You could modify this to deal with negative x and y by encoding a flags with powers of 5 and 7 terms.

e.g.

f( x, y ) -> 2^|x| * 3^|y| * 5^(x<0) * 7^(y<0)
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The math is fine. But, as Boris says, if you want to run this as a computer program, you have to take into account the finiteness of the machine. The algorithm will work correctly for a subset of the integers representable in the relevant machine. –  Yuval F May 28 '09 at 7:52
    
I did state this in my second paragraph. The tags on the question indicate 'algorithm', 'mathematical' and 'deterministic', not any particular language. The input range may not be limited and the environment might have an unbounded integer type 'bigint'. –  Charles Bailey May 28 '09 at 8:16

f(a, b) = s(a+b) + a, where s(n) = n*(n+1)/2

  • This is a function -- it is deterministic.
  • It is also injective -- f maps different values for different (a,b) pairs. You can prove this using the fact: s(a+b+1)-s(a+b) = a+b+1 < a.
  • It returns quite small values -- good if your are going to use it for array indexing, as the array does not have to be big.
  • It is cache-friendly -- if two (a, b) pairs are close to each other, then f maps numbers to them which are close to each other (compared to other methods).

I did not understand what You mean by:

should always yield an integer on either the positive or the negative side of integers

How can I write (greater than), (less than) characters in this forum?

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1  
Greater than and less than characters should work fine within backtick escapes. –  TRiG Dec 1 '10 at 16:39

For positive integers as arguments and where argument order doesn't matter:

  1. Here's an unordered pairing function:

    <x, y> = x * y + trunc((|x - y| - 1)^2 / 4) = <y, x>
    
  2. For x ≠ y, here's a unique unordered pairing function:

    <x, y> = if x < y:
               x * (y - 1) + trunc((y - x - 2)^2 / 4)
             if x > y:
               (x - 1) * y + trunc((x - y - 2)^2 / 4)
           = <y, x>
    
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Check this: http://en.wikipedia.org/wiki/Pigeonhole_principle. If A, B and C are of same type, it cannot be done. If A and B are 16-bit integers, and C is 32-bit, then you can simply use shifting.

The very nature of hashing algorithms is that they cannot provide a unique hash for each different input.

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It isn't that tough to construct a mapping:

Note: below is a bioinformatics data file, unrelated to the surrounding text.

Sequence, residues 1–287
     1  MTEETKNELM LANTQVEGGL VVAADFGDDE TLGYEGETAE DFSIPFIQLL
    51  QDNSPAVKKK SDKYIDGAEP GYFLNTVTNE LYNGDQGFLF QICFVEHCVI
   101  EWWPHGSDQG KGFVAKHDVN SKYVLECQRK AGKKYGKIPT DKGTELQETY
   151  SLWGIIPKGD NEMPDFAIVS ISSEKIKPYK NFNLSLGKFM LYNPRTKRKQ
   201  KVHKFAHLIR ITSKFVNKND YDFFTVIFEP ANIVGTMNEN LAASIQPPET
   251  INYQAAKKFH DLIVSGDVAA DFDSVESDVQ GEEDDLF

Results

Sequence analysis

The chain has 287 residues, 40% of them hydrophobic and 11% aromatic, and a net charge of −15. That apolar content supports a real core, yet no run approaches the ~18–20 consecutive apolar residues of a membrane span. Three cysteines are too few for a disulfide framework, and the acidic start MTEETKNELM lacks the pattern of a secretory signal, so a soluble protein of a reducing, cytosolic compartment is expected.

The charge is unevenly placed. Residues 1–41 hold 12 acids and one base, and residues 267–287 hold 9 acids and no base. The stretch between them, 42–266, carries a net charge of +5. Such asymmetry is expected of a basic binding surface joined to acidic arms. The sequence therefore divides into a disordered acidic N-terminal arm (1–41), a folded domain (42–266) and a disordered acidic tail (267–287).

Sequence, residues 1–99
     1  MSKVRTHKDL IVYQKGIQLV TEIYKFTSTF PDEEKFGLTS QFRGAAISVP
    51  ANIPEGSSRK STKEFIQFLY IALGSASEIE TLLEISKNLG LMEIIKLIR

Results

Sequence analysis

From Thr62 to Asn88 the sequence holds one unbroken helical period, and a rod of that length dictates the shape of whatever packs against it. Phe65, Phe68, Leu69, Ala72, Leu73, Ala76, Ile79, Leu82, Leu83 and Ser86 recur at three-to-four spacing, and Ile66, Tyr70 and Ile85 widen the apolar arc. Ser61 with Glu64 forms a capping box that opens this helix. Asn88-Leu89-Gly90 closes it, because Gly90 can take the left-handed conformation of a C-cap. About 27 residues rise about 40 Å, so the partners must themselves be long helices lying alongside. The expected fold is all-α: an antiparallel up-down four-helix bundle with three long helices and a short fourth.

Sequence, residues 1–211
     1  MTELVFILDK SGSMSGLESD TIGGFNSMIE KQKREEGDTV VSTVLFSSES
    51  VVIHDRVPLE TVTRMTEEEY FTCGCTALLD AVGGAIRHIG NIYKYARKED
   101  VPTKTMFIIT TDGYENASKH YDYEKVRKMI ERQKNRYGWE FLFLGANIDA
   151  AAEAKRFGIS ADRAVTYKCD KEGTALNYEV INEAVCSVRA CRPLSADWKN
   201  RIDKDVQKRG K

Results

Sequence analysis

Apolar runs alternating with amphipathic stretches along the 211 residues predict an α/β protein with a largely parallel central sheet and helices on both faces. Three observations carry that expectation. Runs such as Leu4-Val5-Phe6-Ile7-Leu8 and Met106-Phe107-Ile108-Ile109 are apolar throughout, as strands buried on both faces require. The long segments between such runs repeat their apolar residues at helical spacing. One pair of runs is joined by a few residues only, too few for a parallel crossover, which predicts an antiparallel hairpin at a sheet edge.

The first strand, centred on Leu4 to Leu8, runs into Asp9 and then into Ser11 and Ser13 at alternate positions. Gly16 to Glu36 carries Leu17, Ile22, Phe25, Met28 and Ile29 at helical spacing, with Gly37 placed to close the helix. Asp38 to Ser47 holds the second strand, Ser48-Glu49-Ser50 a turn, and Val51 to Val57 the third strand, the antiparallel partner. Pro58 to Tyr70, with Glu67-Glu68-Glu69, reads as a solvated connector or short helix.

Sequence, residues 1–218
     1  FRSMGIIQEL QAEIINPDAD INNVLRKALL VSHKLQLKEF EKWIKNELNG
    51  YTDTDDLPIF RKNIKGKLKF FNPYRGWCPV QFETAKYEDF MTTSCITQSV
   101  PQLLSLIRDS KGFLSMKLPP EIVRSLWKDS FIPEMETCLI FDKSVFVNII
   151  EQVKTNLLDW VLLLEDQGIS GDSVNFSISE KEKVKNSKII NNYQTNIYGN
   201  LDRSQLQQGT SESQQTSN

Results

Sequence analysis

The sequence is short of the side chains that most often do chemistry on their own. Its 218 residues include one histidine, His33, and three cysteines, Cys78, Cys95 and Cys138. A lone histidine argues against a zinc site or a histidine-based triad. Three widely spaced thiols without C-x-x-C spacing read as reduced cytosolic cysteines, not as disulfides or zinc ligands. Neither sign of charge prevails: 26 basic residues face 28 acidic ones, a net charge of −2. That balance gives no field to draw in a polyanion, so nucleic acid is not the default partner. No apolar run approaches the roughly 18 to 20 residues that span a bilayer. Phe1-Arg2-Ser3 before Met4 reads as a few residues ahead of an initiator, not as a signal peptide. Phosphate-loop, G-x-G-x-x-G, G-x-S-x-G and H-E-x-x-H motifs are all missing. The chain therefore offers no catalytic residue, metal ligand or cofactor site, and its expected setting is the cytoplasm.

1  2  3  4  5  use this mapping if (a,b) != (b,a)
1  0  1  3  6 10
2  2  4  7 11 16
3  5  8 12 17 23
4  9 13 18 24 31
5 14 19 25 32 40

   1  2  3  4  5 use this mapping if (a,b) == (b,a) (mirror)
1  0  1  2  4  6
2  1  3  5  7 10
3  2  5  8 11 14
4  4  8 11 15 19
5  6 10 14 19 24


    0  1 -1  2 -2 use this if you need negative/positive
 0  0  1  2  4  6
 1  1  3  5  7 10
-1  2  5  8 11 14
 2  4  8 11 15 19
-2  6 10 14 19 24

Figuring out how to get the value for an arbitrary a,b is a little more difficult.

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I guess we could map ZxZ -> Z, by using only one axis with 0 1 -1 2 -2 etc.. –  j4n bur53 Jun 20 at 8:53

Although Stephan202's answer is the only truly general one, for integers in a bounded range you can do better. For example, if your range is 0..10,000, then you can do:

#define RANGE_MIN 0
#define RANGE_MAX 10000

unsigned int merge(unsigned int x, unsigned int y)
{
    return (x * (RANGE_MAX - RANGE_MIN + 1)) + y;
}

void split(unsigned int v, unsigned int &x, unsigned int &y)
{
    x = RANGE_MIN + (v / (RANGE_MAX - RANGE_MIN + 1));
    y = RANGE_MIN + (v % (RANGE_MAX - RANGE_MIN + 1));
}

Results can fit in a single integer for a range up to the square root of the integer type's cardinality. This packs slightly more efficiently than Stephan202's more general method. It is also considerably simpler to decode; requiring no square roots, for starters :)

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Perhaps you should read up on hash functions, especially perfect hashes? Wikipedia has some nice high-level descriptions with links to implementations and more detailed articles.

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What you suggest is impossible. You will always have collisions.

In order to map two objects to another single set, the mapped set must have a minimum size of the number of combinations expected:

Assuming a 32-bit integer, you have 2147483647 positive integers. Choosing two of these where order doesn't matter and with repetition yields 2305843008139952128 combinations. This does not fit nicely in the set of 32-bit integers.

You can, however fit this mapping in 61 bits. Using a 64-bit integer is probably easiest. Set the high word to the smaller integer and the low word to the larger one.

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I think you can write less than with & l t; and right than with & g t; if there is not html char parsing, but probably there is, I will try to cheat: 5 < 6 & 6 > 5. ( Of course, avoid the space between the characters, if it works, you will see the symbols, not the code )